# Minimum order quantity

**Minimum order quantity**, or **MOQ**, is the minimum quantity an item can be bought in at a certain price. Without accompanying a MOQ with a price, the MOQ becomes meaningless.

If I could have you take three things with you after reading this, they would be:

- Is it
*always*possible to order less than the MOQ? YES - Interpolation can guarantee a maximum cost
- Extrapolation can
*not*guarantee a maximum cost

## Simple interpolation example

John wants to sell Adam 10 apples at US$10 each. This corresponds to a MOQ of 10. Adam only wants 8 apples. He proceeds to buy 8 apples from John for US$12.50 each. John gets the same amount of money so he doesn't care. There are two left over apples which can be thrown away or considered a free bonus by Adam.

## Applied example

Company A has a MOQ of 400 sets at €60 each. We can buy 20% less sets than the MOQ for 25% higher cost each. This is called interpolation as we are within the bounds of the given parameters. The 25% increased cost for each set is a *worst case scenario* (boundary solution) and guaranteed that it can't get more expensive when we decrease the size of the order to 20% less than the MOQ. This boundary solution happens and only happens under the condition that there are only fixed costs involved, and no variable costs. The decreased number of sets which needs to be made does not affect the cost for Company A and the loss from these has to be distributed in its entirety to the remaining sets. If 400 sets costs €60 each. 300 sets can at the very most cost €80. 200 sets can at the very most cost €120 etc. When this condition isn't met, which means there are variable costs, the cost per set can only be lower, hence, we have guaranteed a maximum price.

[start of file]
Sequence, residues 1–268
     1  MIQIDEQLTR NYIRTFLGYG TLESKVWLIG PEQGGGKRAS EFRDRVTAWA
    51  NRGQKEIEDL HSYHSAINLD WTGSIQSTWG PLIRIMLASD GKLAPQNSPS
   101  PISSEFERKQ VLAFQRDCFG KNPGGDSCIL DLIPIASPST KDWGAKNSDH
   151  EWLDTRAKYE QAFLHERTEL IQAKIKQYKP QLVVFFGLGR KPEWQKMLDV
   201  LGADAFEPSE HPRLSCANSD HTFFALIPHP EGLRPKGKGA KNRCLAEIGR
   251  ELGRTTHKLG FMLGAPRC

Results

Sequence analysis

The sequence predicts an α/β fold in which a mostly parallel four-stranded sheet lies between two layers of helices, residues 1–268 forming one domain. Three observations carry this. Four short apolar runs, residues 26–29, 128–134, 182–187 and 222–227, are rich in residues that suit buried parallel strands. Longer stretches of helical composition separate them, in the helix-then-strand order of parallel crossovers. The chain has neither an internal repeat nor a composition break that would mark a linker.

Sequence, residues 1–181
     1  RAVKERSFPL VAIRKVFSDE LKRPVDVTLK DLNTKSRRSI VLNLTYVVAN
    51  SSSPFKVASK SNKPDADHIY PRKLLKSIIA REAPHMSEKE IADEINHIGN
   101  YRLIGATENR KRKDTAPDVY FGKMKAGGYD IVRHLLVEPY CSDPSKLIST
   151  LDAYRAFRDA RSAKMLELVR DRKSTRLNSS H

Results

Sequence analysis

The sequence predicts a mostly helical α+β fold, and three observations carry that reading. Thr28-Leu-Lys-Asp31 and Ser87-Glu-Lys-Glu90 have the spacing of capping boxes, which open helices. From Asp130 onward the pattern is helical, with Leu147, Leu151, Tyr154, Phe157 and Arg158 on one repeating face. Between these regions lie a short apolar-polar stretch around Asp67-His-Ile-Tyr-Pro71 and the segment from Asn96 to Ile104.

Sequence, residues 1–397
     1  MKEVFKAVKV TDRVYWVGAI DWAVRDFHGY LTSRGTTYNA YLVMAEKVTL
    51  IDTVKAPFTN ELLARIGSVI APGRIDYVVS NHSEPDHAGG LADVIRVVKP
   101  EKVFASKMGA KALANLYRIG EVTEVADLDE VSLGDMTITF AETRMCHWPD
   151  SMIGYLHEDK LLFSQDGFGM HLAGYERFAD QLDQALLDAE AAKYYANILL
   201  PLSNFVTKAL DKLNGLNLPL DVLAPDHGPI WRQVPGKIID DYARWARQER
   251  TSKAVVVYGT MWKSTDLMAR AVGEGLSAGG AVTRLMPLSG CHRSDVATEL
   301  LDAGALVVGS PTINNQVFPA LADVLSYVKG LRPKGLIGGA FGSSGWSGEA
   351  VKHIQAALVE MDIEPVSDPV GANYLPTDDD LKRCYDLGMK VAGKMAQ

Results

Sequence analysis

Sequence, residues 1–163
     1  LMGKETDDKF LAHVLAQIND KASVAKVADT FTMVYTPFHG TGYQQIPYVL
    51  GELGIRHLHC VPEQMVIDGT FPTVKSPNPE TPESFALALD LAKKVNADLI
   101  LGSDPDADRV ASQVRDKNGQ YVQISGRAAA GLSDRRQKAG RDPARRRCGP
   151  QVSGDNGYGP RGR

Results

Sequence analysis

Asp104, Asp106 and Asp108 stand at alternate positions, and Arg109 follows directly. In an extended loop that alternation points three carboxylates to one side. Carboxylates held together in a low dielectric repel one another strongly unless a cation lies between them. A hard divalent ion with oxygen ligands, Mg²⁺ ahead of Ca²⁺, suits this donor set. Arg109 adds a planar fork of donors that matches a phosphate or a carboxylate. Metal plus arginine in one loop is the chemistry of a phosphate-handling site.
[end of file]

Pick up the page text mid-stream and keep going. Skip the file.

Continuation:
Now moving on to extrapolation, which isn't allowed.

Example: John still has a MOQ of 10 apples at US$10 each. Adam believes he can buy 20 apples at US$5 each.

This is true and only true under the condition that there are no variable costs. This means that the cost for more items doesn't change as the items carry no variable cost and only the fixed cost has to be paid for. When this condition isn't met, which means there are variable costs, then we know that that the price will be higher. We can thus not guarantee a maximum price in this case

## What have we learned

- It is possible to order less than Minimum Order Quantity. Don't get hung up on the word "Minimum".
- We can through interpolation calculate a theoretical maximum cost as long as we interpolate.
- We can't calculate a theoretical maximum cost which we are certain that the cost will stay below through extrapolation.